Congressional Budget Office Cost Estimate: H.R. 3360: Cruise Vessel Security and Safety Act of 2009   [open pdf - 14KB]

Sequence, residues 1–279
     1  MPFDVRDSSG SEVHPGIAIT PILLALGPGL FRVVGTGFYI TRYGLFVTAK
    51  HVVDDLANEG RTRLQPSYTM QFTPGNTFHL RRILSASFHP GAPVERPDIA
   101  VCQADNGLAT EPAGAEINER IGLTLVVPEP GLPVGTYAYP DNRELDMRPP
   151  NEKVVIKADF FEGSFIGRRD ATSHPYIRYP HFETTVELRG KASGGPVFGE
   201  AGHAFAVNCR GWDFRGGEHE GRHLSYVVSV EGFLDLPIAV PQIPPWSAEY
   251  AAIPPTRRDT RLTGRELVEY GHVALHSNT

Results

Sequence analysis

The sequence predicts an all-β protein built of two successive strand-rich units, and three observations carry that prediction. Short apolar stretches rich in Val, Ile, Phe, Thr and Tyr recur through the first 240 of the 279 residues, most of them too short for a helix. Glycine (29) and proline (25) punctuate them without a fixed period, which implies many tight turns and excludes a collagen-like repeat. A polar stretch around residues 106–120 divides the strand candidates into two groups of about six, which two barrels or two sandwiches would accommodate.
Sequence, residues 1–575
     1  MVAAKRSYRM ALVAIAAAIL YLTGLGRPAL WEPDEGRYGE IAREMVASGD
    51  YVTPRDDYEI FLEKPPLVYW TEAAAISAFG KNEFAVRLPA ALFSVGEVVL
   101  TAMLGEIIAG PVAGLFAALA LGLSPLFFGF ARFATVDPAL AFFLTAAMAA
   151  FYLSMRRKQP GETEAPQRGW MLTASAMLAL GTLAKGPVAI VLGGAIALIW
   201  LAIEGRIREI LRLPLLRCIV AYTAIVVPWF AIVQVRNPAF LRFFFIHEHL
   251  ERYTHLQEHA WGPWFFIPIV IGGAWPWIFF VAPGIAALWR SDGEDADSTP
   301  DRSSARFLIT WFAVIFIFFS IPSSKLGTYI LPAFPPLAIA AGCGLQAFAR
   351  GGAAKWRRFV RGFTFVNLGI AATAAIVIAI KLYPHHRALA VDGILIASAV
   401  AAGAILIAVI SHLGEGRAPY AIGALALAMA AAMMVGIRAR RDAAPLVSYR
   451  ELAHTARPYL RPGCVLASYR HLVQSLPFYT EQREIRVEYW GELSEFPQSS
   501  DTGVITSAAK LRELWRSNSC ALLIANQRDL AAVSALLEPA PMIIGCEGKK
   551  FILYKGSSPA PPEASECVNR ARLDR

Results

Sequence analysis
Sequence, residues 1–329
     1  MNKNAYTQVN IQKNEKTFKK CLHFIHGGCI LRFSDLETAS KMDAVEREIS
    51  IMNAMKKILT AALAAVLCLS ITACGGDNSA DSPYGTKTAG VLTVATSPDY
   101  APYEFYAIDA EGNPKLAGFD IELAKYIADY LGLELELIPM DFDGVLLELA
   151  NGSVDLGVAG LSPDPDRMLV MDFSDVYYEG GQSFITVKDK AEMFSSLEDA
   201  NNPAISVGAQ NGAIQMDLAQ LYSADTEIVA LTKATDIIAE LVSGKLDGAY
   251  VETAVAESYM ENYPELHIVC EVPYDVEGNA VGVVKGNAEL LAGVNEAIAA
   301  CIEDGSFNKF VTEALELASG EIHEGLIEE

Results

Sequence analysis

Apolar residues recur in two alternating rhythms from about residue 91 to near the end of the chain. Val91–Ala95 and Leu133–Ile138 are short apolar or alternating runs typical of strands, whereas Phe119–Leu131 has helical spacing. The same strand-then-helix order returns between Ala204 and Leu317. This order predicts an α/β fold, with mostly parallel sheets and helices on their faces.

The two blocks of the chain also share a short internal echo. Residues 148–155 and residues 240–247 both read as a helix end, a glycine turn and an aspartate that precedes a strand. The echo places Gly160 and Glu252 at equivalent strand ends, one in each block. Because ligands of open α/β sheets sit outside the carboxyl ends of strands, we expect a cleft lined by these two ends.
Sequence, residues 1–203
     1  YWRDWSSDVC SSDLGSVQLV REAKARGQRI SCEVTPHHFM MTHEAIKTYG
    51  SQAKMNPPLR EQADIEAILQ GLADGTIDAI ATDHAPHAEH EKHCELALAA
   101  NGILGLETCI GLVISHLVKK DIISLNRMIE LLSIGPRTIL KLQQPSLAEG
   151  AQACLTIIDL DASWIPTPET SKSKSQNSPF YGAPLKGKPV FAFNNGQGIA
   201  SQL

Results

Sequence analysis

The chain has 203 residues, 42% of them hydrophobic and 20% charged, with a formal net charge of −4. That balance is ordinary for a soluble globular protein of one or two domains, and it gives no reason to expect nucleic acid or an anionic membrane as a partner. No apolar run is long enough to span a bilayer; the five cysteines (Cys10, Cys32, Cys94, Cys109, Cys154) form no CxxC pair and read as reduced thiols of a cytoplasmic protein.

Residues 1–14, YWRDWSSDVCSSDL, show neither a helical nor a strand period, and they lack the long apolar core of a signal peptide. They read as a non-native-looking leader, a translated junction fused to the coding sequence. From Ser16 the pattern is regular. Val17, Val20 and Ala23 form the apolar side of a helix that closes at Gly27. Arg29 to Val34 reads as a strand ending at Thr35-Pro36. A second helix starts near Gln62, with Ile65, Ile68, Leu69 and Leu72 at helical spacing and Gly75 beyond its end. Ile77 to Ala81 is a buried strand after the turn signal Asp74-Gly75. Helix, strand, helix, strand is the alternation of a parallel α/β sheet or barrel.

"H.R. 3360 would address the safety of passengers and crew members on cruise vessels. The bill would require the U.S. Coast Guard to promulgate safety regulations, develop training curricula for cruise-ship personnel, and establish certification and inspection procedures to facilitate enforcement. Based on information provided by the agency and assuming the availability of appropriated funds, CBO estimates that those activities would cost about $5 million over the 2010-2014 period. The bill also would establish new criminal and civil penalties, but CBO estimates that any resulting new revenues (from penalties) or related direct spending (of criminal penalties from the Crime Victims Fund) would be less than $500,000 annually. The bill contains no intergovernmental mandates as defined in the Unfunded Mandates Reform Act (UMRA) and would impose no costs on state, local, or tribal governments. H.R. 3360 would impose private-sector mandates, as defined in UMRA, on owners and operators of certain cruise vessels that use U.S. ports. Cruise lines that own and operate those vessels would be required to meet certain safety standards, post information about the location of U.S. embassies and consulates for countries on the voyage itinerary, and limit crew access to passenger cabins. The bill also would require cruise lines to maintain a log book of alleged crimes, report suspected criminal activities that occur on their vessels to the appropriate law enforcement authorities, and provide online access to data on criminal acts that occur on cruise vessels."

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